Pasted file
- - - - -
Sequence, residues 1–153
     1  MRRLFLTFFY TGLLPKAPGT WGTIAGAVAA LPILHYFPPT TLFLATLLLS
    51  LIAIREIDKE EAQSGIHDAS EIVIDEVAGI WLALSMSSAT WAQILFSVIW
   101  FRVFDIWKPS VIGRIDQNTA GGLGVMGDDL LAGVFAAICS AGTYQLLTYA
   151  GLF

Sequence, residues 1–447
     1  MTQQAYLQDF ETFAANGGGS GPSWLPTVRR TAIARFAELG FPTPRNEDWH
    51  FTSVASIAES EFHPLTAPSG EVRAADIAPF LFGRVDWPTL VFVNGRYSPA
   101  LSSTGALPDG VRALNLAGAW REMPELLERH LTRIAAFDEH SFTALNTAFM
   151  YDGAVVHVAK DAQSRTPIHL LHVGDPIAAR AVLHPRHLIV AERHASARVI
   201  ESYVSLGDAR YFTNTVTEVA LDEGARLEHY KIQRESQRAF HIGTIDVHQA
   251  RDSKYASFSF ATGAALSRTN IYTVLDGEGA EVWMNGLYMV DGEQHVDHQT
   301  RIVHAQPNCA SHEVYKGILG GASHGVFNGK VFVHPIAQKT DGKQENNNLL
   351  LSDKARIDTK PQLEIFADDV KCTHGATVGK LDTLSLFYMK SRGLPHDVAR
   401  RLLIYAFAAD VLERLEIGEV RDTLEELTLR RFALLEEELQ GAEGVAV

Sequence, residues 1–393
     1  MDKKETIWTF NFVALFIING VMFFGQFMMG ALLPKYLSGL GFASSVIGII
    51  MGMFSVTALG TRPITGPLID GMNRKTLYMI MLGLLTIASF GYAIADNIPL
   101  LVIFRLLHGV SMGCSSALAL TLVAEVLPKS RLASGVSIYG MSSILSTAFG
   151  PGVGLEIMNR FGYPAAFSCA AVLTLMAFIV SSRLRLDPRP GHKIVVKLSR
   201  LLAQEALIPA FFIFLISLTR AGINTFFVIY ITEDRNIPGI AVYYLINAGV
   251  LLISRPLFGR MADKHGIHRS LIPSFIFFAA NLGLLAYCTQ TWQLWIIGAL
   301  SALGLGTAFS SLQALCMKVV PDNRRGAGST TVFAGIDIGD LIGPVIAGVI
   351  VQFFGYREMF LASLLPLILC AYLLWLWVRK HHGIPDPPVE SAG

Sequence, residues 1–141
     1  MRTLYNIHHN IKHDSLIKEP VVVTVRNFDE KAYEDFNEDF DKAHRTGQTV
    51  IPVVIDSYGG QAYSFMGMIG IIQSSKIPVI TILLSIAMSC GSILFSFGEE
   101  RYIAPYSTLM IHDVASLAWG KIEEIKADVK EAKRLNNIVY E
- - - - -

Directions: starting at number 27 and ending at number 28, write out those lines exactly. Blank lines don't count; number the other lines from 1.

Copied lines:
    51  IPVVIDSYGG QAYSFMGMIG IIQSSKIPVI TILLSIAMSC GSILFSFGEE
   101  RYIAPYSTLM IHDVASLAWG KIEEIKADVK EAKRLNNIVY E